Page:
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February 1997, Volume 4, Number 2

China and Hong Kong

China is gearing up for heavy travel over the Lunar New Year, which begins on February 7, 1997. The holiday period runs from January 18 to March 8, and Chinese trains are expected to carry 133 million passengers over the holidays that mark the beginning of the Year of the Ox.

Reports of 100 million or more internal migrant workers in China often include both migrant workers and businessmen and tourists who are temporarily away from the place where they are registered to live.

In January 1997, a computerized employment service was established to link the provinces of Hubei, Jiangxi, Guizhou, Henan and Anhui with Guangdong, Hunan, and Sichuan provinces and the Guangxi Zhuang autonomous region, and thus rationalize the migration of workers.

Chinese toy companies were accused in January of violating labor laws that require at least a wage of $0.27 per hour for a 44-hour work week. Migrant construction workers in China reportedly earn $170 per month.

The Chinese Academy of Social Sciences in China recently reduced estimates of the number of farm workers in China from 900 million to 250 million. The academy put China's rural work force, excluding the elderly and children, at 460 million.

The rural work force includes about 250 million agricultural workers and another 100 million workers involved in small-scale nonagricultural production. This leaves a "rural surplus labor force" of about 100 million, and at least half are internal migrants, mostly within the same province.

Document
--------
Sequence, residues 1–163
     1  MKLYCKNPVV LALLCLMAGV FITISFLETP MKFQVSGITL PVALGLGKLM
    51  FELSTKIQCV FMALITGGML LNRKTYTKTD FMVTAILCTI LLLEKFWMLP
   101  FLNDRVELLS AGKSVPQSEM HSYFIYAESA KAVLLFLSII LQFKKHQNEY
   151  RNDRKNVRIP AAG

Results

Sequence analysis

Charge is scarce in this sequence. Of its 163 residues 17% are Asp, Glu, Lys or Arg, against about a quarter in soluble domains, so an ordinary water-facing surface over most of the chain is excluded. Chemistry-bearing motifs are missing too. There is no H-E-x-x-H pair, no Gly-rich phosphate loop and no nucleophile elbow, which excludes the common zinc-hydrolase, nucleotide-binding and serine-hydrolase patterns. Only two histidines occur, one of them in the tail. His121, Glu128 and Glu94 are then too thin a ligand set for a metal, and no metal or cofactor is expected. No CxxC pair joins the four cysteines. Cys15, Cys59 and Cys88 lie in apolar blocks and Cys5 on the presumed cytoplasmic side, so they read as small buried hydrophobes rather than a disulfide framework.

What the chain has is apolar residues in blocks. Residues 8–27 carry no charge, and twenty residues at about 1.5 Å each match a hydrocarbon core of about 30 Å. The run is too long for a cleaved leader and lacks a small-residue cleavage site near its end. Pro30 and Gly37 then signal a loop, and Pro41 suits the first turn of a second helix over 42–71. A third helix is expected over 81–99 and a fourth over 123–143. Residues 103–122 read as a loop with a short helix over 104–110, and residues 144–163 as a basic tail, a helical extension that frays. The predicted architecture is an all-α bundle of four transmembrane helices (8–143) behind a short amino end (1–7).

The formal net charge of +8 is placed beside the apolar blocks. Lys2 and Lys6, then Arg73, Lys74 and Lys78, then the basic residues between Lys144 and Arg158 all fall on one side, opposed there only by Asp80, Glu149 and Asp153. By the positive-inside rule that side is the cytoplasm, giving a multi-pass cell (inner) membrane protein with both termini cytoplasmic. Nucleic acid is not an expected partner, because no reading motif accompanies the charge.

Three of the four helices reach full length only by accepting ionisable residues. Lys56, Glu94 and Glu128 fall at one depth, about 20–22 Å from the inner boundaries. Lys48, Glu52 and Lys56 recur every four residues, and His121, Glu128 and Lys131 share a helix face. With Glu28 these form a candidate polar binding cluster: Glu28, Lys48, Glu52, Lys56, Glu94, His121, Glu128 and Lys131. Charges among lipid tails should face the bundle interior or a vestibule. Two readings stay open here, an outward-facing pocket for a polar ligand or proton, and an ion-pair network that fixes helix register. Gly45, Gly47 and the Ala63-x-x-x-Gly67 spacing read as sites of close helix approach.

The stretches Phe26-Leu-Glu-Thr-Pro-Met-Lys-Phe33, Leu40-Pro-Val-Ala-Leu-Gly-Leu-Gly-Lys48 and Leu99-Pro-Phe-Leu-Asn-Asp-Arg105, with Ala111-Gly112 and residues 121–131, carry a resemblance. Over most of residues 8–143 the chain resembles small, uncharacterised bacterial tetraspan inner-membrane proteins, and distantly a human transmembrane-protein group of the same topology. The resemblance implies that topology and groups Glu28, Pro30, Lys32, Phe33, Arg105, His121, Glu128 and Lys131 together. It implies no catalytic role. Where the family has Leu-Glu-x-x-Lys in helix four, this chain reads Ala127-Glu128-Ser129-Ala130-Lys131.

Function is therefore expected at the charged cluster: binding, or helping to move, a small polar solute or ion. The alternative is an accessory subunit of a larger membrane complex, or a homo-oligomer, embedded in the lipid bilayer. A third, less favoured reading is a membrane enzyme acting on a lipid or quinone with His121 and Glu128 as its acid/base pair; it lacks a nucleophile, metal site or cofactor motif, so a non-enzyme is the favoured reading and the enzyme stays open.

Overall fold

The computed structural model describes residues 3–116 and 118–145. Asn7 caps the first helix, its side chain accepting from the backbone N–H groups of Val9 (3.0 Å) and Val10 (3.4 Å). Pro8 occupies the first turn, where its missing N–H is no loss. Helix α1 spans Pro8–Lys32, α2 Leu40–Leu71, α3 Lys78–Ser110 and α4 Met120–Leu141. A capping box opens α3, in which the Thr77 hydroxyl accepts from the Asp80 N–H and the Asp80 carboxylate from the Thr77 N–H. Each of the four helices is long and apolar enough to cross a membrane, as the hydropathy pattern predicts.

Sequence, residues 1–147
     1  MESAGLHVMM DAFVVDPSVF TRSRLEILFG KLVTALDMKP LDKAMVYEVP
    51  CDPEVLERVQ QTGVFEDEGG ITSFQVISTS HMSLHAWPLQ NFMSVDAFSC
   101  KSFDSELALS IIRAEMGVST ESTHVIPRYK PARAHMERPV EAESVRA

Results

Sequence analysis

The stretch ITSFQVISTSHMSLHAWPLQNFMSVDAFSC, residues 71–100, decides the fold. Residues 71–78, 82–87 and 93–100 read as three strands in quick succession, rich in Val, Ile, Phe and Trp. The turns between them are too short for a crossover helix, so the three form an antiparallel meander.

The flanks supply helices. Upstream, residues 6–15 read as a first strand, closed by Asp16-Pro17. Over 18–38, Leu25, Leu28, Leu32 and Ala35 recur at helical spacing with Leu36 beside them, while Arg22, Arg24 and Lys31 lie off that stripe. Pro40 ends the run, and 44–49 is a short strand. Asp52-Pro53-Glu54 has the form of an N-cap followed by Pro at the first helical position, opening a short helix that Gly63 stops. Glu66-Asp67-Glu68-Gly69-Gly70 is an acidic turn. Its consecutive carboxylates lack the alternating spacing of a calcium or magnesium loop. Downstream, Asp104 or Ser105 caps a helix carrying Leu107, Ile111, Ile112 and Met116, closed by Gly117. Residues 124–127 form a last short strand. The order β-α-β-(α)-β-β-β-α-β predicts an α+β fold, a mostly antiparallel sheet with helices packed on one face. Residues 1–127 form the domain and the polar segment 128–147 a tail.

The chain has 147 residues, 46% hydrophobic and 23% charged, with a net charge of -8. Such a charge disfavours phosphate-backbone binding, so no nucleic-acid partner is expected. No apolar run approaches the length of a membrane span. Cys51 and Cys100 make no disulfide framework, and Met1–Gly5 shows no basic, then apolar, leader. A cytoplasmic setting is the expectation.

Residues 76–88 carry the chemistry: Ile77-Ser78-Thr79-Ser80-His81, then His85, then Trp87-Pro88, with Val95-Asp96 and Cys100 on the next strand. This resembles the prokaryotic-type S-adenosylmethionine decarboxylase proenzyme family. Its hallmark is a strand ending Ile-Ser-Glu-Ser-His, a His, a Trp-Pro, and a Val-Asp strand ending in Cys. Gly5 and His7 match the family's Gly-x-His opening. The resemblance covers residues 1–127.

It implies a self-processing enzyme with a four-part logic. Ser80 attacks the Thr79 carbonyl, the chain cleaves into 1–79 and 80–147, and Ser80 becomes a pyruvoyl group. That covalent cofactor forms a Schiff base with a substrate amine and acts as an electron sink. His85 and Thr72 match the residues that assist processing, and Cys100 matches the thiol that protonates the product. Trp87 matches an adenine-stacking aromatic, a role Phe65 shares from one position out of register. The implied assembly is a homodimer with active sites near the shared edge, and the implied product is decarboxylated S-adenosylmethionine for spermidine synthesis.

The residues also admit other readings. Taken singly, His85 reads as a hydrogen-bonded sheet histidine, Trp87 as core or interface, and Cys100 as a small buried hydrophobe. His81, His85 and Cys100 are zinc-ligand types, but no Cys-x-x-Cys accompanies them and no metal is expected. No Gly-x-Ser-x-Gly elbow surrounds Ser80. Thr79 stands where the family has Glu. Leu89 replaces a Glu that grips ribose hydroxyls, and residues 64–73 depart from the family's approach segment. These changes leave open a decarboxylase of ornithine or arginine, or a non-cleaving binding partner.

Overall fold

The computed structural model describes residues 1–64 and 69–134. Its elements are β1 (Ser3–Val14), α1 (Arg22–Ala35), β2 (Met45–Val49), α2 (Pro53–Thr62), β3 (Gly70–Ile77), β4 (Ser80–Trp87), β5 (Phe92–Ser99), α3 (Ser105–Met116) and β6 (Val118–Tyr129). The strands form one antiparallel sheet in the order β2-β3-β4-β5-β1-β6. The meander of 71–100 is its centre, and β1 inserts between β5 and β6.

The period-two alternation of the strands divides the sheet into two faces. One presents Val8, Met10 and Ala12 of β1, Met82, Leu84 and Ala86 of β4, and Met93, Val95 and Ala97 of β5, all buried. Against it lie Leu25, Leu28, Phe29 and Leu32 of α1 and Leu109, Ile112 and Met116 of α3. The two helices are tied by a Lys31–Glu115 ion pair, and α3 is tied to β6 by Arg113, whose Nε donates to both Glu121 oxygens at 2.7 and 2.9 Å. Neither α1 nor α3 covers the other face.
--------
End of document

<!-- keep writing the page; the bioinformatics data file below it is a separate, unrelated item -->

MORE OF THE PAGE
The number of people living on less than the Chinese poverty level, 60 cents a day, has declined from 270 million in 1978 to 65 million 1995. Some 170 million Chinese moved out of poverty between 1978 and 1985, and another 37 million moved out of poverty between 1987 and 1995.

Hong Kong. Some 23,180 Chinese immigrants were apprehended in Hong Kong in 1996, down 14 percent from 1995, and the fewest since 1989.

The number of British nationals living in Hong Kong has more than doubled since 1987 to 35,000. Per capita income in Hong Kong exceeds that in Britain and in some cases wages are higher.

A British Nationality Bill would grant British status to up to 5,000 Indian and Asian residents of Hong Kong who may become stateless after July 1, 1997, as they are not eligible for Chinese citizenship. The British Home Secretary is blocking the granting of British nationality to the 5,000.

In Hong Kong, Honduras' honorary consul is being sought for allegedly selling up to $15 billion worth of passports to Asians hoping to migrate via Honduras to the US. For 18 months in 1990-91, Honduras permitted foreigners to buy Honduran citizenship for $25,000 each and 2,000 Hong Kong Chinese did. In addition, up to 20,000 criminals may have bought Honduras passports, at up to $100,000 each.


"Chinese brokers reportedly enjoy boom smuggling immigrants," BBC, January 31, 1997. "Illegal immigrant numbers in Hong Kong down ahead of handover," Agence France Presse, January 13, 1997.